• i never said i was religiously illiterate..and it seems you want to debate my opinion, rather than an issue. go ahead. i'm making dinner and likely won't carry on this 'debate'.
    maybe someone else would appreciate being told what they think is wrong. idk. good luck with that!
    dullscissors

    Answer by dullscissors at 7:53 PM on Nov. 28, 2011

  • Never mind that this *is* in the debate section...
    First, its impossible for anyone to have total religiously literacy--too many religions, denominations, etc (the comment of which was actually meant as a universal-you, not a you-you, though it came out badly, for which I apologize).
    Second, I based my comment on what you said: "what informed decisions do i have to make as a citizen that may stem from any knowledge of another religion other than my own?" and earlier "i don't think its relevant for anyone to know the basics of any religion outside of the one they chose."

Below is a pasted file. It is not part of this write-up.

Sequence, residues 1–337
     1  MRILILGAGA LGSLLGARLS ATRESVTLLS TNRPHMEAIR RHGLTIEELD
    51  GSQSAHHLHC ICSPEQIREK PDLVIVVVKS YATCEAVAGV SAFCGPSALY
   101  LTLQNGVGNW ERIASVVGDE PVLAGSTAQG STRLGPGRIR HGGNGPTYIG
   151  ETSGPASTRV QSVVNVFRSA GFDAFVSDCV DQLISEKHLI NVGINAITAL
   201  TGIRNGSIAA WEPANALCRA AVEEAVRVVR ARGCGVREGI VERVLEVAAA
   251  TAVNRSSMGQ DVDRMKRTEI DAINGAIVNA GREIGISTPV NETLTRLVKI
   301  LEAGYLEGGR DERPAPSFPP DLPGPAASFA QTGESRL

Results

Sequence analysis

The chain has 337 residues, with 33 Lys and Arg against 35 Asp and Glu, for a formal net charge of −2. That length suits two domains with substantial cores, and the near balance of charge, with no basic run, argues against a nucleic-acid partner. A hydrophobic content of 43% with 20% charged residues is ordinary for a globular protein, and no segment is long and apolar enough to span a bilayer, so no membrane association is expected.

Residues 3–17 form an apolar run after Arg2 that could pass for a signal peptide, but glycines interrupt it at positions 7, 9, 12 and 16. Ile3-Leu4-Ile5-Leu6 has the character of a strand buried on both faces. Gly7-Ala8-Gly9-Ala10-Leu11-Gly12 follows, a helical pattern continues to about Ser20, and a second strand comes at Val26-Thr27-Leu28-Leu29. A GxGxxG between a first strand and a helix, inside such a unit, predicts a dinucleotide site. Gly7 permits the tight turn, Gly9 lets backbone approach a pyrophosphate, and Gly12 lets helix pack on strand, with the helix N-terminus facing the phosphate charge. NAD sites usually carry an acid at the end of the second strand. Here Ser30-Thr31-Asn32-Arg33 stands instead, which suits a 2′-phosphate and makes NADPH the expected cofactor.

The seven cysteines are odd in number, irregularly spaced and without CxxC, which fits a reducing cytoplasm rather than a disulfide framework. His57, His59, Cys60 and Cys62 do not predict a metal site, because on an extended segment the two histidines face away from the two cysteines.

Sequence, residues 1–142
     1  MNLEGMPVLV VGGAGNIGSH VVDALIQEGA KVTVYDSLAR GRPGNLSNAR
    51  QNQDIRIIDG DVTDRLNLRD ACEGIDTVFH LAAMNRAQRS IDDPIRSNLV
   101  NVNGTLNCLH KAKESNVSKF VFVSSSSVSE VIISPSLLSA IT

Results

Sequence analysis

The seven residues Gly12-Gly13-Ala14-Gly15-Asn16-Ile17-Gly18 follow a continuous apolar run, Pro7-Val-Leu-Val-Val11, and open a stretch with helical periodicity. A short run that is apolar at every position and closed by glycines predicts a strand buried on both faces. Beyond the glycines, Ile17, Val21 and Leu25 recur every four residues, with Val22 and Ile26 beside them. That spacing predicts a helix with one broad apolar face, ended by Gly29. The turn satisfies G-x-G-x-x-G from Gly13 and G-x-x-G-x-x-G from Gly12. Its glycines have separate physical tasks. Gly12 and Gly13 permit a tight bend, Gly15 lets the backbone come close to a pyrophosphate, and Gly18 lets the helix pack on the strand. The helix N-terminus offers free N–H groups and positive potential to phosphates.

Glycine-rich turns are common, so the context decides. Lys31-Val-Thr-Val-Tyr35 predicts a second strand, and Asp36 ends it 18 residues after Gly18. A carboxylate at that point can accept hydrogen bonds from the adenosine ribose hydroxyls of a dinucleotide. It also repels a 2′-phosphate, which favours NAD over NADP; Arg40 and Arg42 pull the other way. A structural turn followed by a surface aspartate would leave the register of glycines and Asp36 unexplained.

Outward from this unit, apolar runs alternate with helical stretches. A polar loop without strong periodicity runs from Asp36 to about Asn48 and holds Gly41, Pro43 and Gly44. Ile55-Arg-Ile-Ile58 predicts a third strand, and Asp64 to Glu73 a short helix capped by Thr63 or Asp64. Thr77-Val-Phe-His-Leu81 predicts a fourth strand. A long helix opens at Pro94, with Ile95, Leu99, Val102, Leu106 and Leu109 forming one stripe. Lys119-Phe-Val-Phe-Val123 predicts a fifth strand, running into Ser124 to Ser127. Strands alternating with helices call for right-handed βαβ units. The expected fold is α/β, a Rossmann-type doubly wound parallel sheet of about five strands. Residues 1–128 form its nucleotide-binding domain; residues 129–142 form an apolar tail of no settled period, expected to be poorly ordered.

In this particular case, the persons in question didn't even know the basics of the religion THEY chose...so clearly, religious literacy affects at least *some* people on an individual basis in a religiously pluralistic society (which you claimed it did not, and of which there are plenty of other examples of how it *does*, if you really want them).
    thalassa

    Comment by thalassa (original poster) at 8:26 PM on Nov. 28, 2011

  • Like dull, I don't know that "should" is the proper word here. I can only speak for myself. I know more about Christianity than any other religion as that is my religion. I know the basics of several other religions, though nothing in-depth. I've made it a point to learn about JWs and Mormons because they are the only two religions that come knocking on my door and I want to be able to debate intelligently.